Saturday, 13 September 2014

Why a unitary local authority for East Lancashire is worth investigating..

There are many common sense and practical reasons why people in East Lancashire, particularly MP's are beginning to ask the question: 'Is it in the best interests of Lancashire and East Lancashire that the county is dissolved into separate unitary authorities?'.

Two stand out straight away. Band D council tax in 2014/15 in Blackburn is £1,486.46 whilst in two tier Hyndburn it is £1,557.87.;

Local Council
Council Tax Band D 2014/2015
2 Councils or 1 Council covering an area
Bolton * (not EL)
unitary council
unitary council
two tier County Council and District
two tier County Council and District
two tier County Council and District
two tier County Council and District

The second reason is localism. More services provided locally, more locally accountable.

- 72% of services/decisions by Lancashire County Council in Preston
- 15% of services/decisions by Hyndburn Council
- 13% of services provided by Police/Fire

 - It is clear that services and decisions could be brought closer to the public.
- That the duplication across two councils is both costly and bureaucratic.
- That the duplication of services at a time when services are being slashed across borough's is very costly.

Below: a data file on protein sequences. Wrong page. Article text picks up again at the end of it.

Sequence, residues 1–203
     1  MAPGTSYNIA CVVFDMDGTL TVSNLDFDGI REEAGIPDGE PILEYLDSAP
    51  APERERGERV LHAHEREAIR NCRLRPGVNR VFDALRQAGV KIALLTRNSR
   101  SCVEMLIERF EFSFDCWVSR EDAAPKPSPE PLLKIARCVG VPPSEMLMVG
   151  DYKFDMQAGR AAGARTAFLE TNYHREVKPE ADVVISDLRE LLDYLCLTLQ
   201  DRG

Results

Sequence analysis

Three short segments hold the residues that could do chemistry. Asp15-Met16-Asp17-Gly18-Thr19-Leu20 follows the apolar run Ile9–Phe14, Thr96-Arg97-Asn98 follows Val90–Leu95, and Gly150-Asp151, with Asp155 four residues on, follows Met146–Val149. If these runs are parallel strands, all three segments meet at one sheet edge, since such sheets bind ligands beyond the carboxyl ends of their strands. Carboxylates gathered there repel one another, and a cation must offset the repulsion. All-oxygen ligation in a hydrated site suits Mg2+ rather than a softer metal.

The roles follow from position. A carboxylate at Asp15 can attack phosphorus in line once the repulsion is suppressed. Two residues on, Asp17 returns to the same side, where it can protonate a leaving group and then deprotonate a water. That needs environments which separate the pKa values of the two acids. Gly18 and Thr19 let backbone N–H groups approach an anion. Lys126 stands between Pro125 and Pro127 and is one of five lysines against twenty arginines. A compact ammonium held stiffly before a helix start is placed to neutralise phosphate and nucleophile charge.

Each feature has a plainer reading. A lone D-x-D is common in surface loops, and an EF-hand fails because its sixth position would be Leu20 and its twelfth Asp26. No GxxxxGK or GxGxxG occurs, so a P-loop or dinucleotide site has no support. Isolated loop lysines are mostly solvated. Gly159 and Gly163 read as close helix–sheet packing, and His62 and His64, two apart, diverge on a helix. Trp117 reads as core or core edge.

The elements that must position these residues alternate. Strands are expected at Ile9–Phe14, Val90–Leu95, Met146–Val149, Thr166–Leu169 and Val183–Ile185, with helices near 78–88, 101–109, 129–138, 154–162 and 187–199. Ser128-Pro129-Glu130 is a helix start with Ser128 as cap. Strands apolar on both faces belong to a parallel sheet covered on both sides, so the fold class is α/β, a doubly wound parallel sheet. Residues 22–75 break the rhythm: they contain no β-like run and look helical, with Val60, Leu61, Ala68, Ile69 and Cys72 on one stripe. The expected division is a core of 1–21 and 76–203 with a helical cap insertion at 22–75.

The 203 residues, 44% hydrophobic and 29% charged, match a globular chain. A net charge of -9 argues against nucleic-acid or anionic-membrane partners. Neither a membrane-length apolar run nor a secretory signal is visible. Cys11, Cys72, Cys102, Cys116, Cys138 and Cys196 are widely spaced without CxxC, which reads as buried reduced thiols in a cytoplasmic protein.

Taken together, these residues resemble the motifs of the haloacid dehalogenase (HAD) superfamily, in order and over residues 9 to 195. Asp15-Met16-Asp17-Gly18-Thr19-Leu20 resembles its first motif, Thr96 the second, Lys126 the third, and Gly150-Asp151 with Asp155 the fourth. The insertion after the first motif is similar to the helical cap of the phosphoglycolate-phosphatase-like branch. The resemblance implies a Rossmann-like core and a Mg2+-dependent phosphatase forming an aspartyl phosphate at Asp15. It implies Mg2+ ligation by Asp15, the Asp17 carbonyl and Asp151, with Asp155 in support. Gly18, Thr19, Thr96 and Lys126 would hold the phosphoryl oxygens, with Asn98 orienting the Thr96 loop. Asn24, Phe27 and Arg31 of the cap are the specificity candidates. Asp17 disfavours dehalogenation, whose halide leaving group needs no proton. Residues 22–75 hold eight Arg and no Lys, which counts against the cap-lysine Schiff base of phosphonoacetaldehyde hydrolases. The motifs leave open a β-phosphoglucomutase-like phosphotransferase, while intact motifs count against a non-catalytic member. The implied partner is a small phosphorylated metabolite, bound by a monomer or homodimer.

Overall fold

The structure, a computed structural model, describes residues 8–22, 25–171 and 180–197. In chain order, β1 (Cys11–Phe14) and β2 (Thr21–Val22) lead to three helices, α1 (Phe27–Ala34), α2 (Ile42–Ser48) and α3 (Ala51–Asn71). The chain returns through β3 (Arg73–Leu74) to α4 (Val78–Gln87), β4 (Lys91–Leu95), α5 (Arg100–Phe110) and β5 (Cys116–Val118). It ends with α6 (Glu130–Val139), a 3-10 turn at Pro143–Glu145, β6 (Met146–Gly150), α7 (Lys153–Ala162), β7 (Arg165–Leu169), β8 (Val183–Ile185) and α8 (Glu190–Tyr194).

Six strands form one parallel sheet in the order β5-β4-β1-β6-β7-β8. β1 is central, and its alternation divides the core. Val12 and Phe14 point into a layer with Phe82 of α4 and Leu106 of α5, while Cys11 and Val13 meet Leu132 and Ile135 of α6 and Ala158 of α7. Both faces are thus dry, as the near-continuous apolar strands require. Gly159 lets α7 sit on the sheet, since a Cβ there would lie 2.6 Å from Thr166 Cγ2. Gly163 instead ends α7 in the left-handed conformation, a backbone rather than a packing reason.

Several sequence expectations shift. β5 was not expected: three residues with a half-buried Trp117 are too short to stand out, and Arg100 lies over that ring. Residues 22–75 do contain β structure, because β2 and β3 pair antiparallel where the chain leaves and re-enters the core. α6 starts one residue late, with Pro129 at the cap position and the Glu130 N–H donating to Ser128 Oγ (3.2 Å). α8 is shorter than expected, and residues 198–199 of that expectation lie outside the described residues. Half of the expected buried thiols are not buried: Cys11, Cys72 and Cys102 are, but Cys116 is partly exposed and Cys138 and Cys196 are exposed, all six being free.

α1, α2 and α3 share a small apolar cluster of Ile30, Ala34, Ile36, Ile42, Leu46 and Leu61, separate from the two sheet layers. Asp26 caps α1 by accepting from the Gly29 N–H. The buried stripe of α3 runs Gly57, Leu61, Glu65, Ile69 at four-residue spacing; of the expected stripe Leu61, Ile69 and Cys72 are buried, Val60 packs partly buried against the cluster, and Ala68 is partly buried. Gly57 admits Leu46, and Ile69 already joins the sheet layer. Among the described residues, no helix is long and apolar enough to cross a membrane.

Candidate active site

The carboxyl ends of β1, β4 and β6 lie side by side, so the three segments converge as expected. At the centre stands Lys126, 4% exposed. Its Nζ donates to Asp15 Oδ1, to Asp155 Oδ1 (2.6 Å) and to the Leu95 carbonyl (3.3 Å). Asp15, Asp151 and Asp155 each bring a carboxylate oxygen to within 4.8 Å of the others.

I believe along with fellow East Lancashire MP's, leaders and councils that it is time to ask the question what is best for the public?

At a time when shared services are vital to save money, it is the opportunity to have the advantages of a single entity or council. Where leisure services can be tied with adult social care. Where planning can be tied in with highways, housing with public health and welfare meeting the needs of children. Where there aren't two of everything. Two estates, two chief executives two sets of councillors. The opportunity to share and work more closely with police and crucially health providers and the huge NHS estate.

It is wrong that Hyndburn Council raises extra hypothecated revenue from empty homes in areas that need that investment only for County Council to consume that taxation across the County, spending it onot on regeneration for which it is not responsible, but other services. The same goes for the New Homes Bonus.